What Is It Like for a Person Living with Parkinson’s?
Parkinson’s disease undoubtedly makes daily life more difficult. Patients with Parkinson’s disease have a variety of movement symptoms that significantly impair their ability to go about their daily lives.
Also, symptoms that aren’t related to movements, like depression, memory loss, and trouble sleeping, can profoundly affect their quality of life and well-being.
However, medications and Parkinson’s treatments can help alleviate the symptoms and improve the quality of life for people with Parkinson’s.
Chewing & Swallowing Difficulties
Patients in the late stages of Parkinson’s disease may have difficulty chewing due to muscle failure in the mouth. They may also develop problems with swallowing.
Some Parkinson’s patients may have issues with their sense of smell.
Emotional Changes and Mood Disorders
Some people with Parkinson’s may experience anxiety, depression, and other mood disorders. For example, the person may become easily irritable and discouraged. In addition, they may experience energy loss, apathy, fatigue, or suicidal thoughts.
What Should Parkinson’s Patients Avoid?
According to research, exercise and diet can affect the onset of the disease and quality of life in Parkinson’s patients. So, avoiding a sedentary lifestyle and making dietary changes may help control the symptoms.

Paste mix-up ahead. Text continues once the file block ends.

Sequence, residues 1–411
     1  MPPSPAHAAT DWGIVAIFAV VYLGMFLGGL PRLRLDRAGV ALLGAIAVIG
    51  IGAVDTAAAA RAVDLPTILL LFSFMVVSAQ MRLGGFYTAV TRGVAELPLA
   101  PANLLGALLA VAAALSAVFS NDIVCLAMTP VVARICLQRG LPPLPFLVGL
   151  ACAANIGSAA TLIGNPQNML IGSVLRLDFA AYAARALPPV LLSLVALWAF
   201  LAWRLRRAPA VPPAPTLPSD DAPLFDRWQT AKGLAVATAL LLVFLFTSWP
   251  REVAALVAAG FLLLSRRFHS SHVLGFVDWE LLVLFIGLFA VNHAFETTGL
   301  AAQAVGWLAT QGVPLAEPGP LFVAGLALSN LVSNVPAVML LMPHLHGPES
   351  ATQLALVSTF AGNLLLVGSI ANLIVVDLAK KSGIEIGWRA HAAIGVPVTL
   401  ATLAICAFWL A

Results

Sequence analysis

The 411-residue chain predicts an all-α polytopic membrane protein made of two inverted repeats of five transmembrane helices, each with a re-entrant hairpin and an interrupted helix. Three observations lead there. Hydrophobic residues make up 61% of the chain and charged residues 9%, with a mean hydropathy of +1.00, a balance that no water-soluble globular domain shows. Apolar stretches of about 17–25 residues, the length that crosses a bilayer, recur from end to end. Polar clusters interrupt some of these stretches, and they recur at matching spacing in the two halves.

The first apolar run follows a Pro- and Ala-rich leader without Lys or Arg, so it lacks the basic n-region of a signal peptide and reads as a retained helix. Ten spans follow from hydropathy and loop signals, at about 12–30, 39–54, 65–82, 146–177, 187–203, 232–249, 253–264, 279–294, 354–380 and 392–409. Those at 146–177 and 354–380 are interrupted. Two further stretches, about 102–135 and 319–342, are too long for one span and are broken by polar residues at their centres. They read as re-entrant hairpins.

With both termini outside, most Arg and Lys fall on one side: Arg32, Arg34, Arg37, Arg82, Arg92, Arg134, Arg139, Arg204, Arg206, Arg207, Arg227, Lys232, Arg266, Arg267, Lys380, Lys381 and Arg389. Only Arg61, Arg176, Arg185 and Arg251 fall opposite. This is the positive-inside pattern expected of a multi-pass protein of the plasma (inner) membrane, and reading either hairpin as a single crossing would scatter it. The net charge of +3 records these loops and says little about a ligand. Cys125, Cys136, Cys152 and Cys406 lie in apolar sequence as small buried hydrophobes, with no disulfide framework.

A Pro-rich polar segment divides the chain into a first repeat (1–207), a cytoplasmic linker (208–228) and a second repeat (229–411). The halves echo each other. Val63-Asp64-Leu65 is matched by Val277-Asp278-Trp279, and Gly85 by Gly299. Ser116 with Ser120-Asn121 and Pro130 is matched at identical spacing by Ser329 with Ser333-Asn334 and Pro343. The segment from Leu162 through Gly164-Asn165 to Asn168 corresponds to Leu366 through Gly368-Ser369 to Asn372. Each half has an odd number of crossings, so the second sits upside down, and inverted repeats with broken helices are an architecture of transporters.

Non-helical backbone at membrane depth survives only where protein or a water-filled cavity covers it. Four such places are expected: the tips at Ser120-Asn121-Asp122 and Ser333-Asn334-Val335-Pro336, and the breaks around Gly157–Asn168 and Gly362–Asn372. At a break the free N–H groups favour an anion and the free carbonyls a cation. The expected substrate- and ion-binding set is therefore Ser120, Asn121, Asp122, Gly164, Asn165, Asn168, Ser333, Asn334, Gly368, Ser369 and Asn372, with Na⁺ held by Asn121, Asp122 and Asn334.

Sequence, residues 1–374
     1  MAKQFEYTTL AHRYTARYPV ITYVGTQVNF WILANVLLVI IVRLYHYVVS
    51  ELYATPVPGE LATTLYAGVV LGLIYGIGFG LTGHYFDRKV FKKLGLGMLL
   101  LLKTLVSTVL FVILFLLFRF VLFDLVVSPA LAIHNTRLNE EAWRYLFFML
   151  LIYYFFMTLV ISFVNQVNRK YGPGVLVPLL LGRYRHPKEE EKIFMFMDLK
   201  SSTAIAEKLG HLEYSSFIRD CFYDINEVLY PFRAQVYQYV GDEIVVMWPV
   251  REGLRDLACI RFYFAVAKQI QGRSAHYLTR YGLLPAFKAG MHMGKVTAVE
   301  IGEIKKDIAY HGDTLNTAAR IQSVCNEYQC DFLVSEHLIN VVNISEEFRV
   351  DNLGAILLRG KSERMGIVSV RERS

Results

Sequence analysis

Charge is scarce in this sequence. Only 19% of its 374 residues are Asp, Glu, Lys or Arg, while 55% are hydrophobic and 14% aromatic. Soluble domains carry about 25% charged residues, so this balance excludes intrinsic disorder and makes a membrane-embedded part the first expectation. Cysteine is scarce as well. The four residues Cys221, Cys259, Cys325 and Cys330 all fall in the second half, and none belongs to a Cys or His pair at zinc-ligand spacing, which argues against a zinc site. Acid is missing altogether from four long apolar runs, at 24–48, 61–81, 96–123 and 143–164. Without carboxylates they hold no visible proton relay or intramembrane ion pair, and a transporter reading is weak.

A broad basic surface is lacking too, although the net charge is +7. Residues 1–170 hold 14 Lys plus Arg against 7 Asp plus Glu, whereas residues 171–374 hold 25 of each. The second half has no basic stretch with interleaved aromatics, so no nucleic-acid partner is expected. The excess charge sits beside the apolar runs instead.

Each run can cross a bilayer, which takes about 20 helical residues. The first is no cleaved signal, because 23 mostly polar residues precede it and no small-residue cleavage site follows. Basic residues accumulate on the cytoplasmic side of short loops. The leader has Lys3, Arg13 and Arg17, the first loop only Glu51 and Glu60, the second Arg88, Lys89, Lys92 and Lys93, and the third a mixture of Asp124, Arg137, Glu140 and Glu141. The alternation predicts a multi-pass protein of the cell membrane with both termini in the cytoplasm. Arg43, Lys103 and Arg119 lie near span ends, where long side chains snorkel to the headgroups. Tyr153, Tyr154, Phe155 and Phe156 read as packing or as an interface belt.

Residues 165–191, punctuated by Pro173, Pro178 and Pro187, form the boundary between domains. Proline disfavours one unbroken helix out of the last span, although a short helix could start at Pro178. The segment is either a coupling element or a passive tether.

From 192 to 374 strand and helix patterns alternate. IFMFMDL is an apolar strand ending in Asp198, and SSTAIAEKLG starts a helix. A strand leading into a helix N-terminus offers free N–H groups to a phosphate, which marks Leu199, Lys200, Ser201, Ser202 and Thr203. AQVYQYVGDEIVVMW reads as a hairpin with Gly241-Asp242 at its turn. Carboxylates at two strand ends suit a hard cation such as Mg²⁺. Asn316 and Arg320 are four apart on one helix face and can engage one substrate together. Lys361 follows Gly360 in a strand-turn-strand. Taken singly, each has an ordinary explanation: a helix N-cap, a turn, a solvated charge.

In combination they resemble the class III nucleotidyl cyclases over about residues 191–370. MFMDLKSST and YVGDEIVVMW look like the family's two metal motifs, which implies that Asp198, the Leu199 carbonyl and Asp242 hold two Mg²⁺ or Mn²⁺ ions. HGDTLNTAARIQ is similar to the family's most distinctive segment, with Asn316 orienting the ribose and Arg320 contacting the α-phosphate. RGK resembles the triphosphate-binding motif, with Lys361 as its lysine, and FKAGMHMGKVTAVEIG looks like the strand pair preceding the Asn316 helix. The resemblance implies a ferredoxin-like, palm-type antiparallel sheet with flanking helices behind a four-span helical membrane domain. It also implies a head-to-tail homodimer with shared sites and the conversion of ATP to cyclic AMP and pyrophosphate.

Parkinson’s patients should avoid processed foods, foods that are hard to chew and swallow, and certain dairy products.
Over time, the disease can cause slowed movement or bradykinesia, making simple daily tasks such as getting out of the chair and walking challenging.
Muscle stiffness may also develop, limiting the person’s range of motion. Impaired balance and posture and loss of automatic movement may impair a person’s ability to perform everyday tasks and unconscious movements (like swinging arms while walking).
Changes in Writing and Speech
Parkinson’s patients may find it challenging to write as their symptoms progress. Also, their writing may appear smaller and crumpled. In addition, they may begin to speak softly or hesitate before talking.
Dementia and Thinking Problems
In the later stages of Parkinson’s disease, dementia and trouble thinking can happen, so the person may need help with everyday tasks around the clock.